Works of art are not created in isolation but rather built upon the legacy of past generations of artists. Great artists are not afraid to steal someone else's ideas. Artists like Picasso and Dali could be considered the biggest thieves of all time. Even The Beatles was first a cover band.
Creativity is not about originality, but rather about recombination and synthesis. Creative work is similar to your DNA -- your genetics might be original but they came from your ancestors.
To create great art, create an artistic family tree by finding an artist you admire and learn about those who influenced them.
It's important to develop a creative routine and make time for creativity every day.
Copying (not plagiarizing) someone else's work is a great way to start creating your own art. Imitating your heroes in every way possible, including their lifestyle and motivations, can help you find your niche.
As you continue to copy your idols, you'll find there are areas where it's difficult for you to replicate what they did. Embrace these limitations because they are actually your strengths -- they are what make you unique. This process is called emulation, and it allows you to differentiate yourself from your idols while building upon their legacy.
Examples of successful artists who started this way include Nick Cave (who emulated Leonard Cohen) and Conan O'Brien (who emulated David Letterman, who emulated Johnny Carson, who emulated Jack Benny), who initially copied their idols but eventually found their own distinctive style.
As an artist, you may think that you need to give up your hobbies and side projects to focus entirely on your work, but this can actually hinder your productivity and happiness.
Your hobbies and other projects provide you with an outlet when you encounter creative blocks, and they allow you to take a break and enjoy yourself. These side projects can also create the necessary mental space for innovation.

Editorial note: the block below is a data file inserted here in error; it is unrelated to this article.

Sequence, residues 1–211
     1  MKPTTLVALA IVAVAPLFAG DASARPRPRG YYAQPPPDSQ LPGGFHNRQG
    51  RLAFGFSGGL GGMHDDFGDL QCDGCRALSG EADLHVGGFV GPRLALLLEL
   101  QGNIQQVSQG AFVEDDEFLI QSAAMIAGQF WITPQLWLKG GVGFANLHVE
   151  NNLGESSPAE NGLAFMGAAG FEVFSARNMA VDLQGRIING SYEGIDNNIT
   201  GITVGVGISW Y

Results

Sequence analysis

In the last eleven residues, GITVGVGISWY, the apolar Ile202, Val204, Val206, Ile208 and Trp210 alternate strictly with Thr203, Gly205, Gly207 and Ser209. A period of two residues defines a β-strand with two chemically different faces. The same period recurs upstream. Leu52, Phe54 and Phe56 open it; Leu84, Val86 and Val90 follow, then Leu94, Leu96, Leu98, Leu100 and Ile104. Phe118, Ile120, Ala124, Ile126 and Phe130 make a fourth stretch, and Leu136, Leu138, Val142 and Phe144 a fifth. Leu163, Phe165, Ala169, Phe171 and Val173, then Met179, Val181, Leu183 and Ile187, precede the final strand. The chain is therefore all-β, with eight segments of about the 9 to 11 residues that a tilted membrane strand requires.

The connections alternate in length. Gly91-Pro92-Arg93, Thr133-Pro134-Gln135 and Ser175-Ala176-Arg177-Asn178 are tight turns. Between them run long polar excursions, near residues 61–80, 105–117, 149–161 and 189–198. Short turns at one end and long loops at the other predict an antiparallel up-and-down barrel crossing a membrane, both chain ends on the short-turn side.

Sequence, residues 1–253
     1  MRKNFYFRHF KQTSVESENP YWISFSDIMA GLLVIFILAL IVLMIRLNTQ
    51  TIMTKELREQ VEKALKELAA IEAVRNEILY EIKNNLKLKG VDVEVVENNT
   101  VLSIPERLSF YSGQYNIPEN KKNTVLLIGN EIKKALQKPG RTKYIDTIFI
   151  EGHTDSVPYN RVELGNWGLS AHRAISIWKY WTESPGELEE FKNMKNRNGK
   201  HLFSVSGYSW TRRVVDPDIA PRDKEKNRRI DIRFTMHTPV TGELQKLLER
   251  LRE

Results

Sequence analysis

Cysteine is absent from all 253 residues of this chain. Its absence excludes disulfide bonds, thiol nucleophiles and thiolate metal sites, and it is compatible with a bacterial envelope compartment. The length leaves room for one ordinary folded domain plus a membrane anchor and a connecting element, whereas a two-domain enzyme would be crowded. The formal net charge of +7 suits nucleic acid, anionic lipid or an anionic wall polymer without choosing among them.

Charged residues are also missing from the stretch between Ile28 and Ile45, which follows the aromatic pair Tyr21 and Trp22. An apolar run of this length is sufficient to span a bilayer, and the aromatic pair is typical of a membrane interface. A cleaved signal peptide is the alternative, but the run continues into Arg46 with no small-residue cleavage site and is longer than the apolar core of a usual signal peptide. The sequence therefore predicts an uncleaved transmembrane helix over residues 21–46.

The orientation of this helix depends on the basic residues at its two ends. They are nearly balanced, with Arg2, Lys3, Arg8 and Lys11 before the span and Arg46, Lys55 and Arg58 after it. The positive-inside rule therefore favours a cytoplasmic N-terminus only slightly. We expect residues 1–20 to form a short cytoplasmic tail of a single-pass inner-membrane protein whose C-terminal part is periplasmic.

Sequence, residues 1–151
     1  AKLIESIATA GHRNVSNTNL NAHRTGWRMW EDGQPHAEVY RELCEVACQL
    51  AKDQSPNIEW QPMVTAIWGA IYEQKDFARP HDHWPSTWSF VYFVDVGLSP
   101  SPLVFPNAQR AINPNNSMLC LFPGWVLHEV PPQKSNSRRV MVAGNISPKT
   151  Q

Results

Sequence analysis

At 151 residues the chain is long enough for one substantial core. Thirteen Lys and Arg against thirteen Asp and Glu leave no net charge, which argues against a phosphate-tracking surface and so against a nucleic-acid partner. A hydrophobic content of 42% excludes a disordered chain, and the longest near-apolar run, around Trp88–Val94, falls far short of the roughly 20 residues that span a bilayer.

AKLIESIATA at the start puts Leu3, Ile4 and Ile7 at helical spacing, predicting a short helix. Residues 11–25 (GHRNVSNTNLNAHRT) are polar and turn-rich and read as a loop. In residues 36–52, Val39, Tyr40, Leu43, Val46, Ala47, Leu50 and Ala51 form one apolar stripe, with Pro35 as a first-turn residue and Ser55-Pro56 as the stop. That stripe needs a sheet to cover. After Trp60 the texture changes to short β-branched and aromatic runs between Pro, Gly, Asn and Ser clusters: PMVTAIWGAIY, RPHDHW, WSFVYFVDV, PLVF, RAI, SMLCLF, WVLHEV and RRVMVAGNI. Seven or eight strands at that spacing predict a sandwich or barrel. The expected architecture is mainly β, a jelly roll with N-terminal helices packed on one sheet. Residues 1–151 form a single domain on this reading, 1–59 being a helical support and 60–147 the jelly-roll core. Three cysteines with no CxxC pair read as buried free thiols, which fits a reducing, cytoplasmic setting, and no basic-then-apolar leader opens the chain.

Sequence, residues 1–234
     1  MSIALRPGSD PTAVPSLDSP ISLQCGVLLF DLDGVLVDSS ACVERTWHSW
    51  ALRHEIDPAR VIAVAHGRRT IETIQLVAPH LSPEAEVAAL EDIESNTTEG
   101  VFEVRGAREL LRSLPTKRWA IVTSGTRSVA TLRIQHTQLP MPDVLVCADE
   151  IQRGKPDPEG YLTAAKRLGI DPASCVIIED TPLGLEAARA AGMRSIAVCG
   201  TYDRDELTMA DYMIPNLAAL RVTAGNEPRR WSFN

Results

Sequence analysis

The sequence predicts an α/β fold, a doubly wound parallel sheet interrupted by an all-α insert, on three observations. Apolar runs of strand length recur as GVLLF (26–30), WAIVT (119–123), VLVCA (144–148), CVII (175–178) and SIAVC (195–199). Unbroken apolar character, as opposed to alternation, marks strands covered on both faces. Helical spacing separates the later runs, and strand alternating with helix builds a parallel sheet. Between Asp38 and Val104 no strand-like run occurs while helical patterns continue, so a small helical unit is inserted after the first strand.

The author discovered this when he felt empty after giving up playing the guitar to concentrate on art until he allowed himself to go back to the guitar for fun and felt happier and more well-rounded.
Starting out as an artist, obscurity can benefit your career. Without any pressure or expectations, you have the creative freedom to make mistakes and find yourself.
When you feel ready to gain recognition, sharing your work with others is the key to getting noticed. Create a blog or website, or post your work on online platforms to connect with your audience and build a following.
To enhance creativity, artists should create a positive workspace that caters to every aspect of their creativity.
It can be prohibitive to your creativity to only do work on the computer. Try working with your hands when possible.
Artists should not become too complacent and should sometimes move to a new environment to gain new perspectives. The author benefited from living in Texas, England, and Italy.
Creativity is a social activity. We are all part of a creative community and we should embrace collaboration, feedback, and criticism as a way to improve our work.
The internet can be a double-edged sword for artists, as it can bring both praise and criticism. It is important not to let negativity discourage you. Engaging with critics is often a waste of time. Use criticism constructively and to fuel you.
To make the most of the praise you receive, keep a praise file to encourage yourself. Remember to praise others as well, as positivity begets positivity.
Take risks and embrace failure. Failure is a part of the creative process. You will not grow if you don't fail.
Actively seek out new sources of inspiration to “steal” to create something new.
Maintain a healthy perspective on creative work -- do not obsess over the result, you should focus on the process of creating and learn to enjoy the journey as much as the destination.